After 10 years of complaints, the Army is all but ditching the black wool beret and allowing soldiers to go back to the old brimmed patrol cap for everyday duties.
"It's the military equivalent of being able to wear a baseball cap to work," said Col. Pete Brooks, of the South Carolina Army National Guard. "Wearing the beret in 100-degree South Carolina heat was like wearing a wet piece of black wool on your head."
Army Secretary John McHugh ordered the change to take effect Tuesday, the service's 236th birthday.
Elite units in the 1.1-million-member Army will continue to wear their colored berets as a mark of honor -- green for Special Forces, tan for Rangers, maroon for airborne troops. But other soldiers will have to pull out the black beret only for special events, such as change-of-command ceremonies.
"This just makes things a little bit easier for us," said Staff Sgt. Mylinda DuRousseau, who works with the 3rd Army at nearby Shaw Air Force Base.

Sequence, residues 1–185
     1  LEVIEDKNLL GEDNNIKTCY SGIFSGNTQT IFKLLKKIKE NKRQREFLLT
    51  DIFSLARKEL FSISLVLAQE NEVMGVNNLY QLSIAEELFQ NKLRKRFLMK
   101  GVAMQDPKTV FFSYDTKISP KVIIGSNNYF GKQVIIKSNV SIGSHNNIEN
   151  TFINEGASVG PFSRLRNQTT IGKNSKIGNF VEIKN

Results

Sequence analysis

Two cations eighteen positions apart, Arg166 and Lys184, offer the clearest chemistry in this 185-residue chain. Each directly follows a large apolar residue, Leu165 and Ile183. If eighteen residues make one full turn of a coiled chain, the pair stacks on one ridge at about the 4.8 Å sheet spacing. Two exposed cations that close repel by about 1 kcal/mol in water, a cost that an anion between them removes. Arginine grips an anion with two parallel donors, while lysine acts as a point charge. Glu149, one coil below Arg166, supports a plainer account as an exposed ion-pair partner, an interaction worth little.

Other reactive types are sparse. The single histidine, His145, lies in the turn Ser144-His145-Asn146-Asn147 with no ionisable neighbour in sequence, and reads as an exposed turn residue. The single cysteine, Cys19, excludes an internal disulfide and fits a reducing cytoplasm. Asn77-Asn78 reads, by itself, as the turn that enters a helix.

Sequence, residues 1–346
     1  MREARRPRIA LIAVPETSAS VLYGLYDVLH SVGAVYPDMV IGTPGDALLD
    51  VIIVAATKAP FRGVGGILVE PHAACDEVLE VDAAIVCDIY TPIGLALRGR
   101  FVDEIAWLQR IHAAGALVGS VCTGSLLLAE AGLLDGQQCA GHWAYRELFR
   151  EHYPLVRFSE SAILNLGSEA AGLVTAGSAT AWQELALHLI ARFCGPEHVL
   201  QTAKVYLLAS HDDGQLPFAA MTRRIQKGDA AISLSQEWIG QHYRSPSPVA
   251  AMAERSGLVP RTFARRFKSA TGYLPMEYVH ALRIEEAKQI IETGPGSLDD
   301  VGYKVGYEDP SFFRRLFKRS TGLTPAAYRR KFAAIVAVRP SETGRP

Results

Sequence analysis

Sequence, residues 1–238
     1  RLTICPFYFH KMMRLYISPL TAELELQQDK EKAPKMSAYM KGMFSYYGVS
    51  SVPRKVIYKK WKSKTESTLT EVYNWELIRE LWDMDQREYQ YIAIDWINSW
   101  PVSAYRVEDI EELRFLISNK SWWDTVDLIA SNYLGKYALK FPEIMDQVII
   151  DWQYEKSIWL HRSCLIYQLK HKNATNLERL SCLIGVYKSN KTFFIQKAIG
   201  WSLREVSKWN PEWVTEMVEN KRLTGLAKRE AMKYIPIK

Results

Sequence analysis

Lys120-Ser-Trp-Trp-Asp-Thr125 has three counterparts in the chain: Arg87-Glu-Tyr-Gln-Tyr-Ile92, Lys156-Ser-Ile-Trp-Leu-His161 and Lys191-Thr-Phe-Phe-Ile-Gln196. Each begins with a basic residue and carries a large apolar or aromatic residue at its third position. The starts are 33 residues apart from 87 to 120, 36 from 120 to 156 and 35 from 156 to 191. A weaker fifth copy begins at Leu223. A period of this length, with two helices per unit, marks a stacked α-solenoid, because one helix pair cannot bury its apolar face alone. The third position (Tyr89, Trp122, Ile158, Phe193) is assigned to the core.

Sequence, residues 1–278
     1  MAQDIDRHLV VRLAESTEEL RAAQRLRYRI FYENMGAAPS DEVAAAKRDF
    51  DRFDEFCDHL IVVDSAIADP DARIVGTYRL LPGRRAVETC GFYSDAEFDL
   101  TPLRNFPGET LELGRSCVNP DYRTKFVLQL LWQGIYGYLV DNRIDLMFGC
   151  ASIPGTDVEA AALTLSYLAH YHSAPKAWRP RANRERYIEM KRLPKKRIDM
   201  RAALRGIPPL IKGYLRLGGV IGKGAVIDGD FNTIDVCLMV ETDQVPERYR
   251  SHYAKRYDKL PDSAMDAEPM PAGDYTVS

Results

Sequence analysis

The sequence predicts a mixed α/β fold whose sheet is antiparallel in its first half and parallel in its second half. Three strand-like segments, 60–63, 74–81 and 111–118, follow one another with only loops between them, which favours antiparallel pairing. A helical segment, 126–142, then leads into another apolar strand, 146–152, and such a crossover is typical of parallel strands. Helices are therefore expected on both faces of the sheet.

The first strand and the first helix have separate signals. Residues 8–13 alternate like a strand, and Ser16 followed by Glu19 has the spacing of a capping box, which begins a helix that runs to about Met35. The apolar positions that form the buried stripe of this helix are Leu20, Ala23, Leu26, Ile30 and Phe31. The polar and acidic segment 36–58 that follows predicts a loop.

Putting the thing on right was a three-step process, DuRousseau said: First, adjust the blue patch over the left eye; next, use two hands to straighten it; then, pull it on far enough so it stayed put.
In fact, the Army had to install mirrors at entries and exits so soldiers could be sure they had it on properly.
As for the patrol cap -- a soft, 50-50 cotton-nylon blend that looks like a flat-top baseball hat in camouflage green -- "you could reach in your pocket and flip it on, and just keep moving," Brooks said.
The change is one of several new uniform adjustments. Another switch will be a return to dressier uniforms for Army men and women inside the Pentagon, a step ordered to spiff up the Army's image.